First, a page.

Description. The rock substrate of the rocky benthic or bottom zone is one of the most important factors in determining the abundance, variety, and distribution of organisms. The stability of the bottom allows a rich assemblage of plants and animals to develop. Rock Bottoms are usually high-energy habitats with well-aerated waters. Temperature, salinity, current, and light penetration are also important factors in determining the composition of the benthic community. Animals that live on the rocky surface are generally firmly attached by hooking or sucking devices, although they may occasionally move about over the substrate. Some may be permanently attached by cement. A few animals hide in rocky crevices and under rocks, some move rapidly enough to avoid being swept away, and others burrow into the finer substrates between boulders. Plants are also firmly attached (e.g., by hold-fasts), and in the Riverine System both plants and animals are commonly streamlined or flattened in response to high water velocities.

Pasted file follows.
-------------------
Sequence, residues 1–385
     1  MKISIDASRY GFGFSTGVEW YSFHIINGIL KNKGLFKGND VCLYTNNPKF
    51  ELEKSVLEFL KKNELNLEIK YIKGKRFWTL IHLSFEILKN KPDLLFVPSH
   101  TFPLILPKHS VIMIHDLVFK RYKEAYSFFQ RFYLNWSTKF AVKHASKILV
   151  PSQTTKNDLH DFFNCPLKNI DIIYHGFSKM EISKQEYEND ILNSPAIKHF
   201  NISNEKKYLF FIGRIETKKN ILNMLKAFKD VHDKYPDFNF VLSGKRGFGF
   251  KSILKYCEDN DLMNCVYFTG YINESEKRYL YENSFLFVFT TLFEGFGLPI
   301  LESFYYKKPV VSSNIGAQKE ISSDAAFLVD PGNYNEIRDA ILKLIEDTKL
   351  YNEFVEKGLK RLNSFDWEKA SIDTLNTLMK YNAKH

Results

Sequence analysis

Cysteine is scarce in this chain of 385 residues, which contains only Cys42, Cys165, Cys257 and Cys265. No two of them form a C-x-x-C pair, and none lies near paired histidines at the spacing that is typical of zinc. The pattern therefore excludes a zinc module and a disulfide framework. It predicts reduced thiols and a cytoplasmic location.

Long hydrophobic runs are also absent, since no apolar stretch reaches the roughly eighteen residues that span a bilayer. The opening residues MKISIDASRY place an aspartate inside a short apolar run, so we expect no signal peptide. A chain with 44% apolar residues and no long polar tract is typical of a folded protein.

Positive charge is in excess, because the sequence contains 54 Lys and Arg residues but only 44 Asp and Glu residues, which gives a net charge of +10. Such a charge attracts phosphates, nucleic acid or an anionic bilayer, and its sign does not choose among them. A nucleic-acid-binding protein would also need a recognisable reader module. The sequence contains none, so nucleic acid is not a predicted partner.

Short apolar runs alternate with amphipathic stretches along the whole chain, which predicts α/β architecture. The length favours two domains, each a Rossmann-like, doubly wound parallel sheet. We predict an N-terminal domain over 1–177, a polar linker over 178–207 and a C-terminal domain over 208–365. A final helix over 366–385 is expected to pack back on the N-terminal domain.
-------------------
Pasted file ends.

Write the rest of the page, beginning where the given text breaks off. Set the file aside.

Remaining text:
Subclasses and Dominance Types.
Dominance Types for Rock Bottoms in the Marine and Estuarine Systems were taken primarily from Smith (1964) and Ricketts and Calvin (1968), and those for Rock Bottoms in the Lacustrine, Riverine, and Palustrine Systems from Krecker and Lancaster (1933), Stehr and Branson (1938), Ward and Whipple (1959), Clarke (1973), Hart and Fuller (1974), Ward (1975), Slack et al. (1977), and Pennak (1978).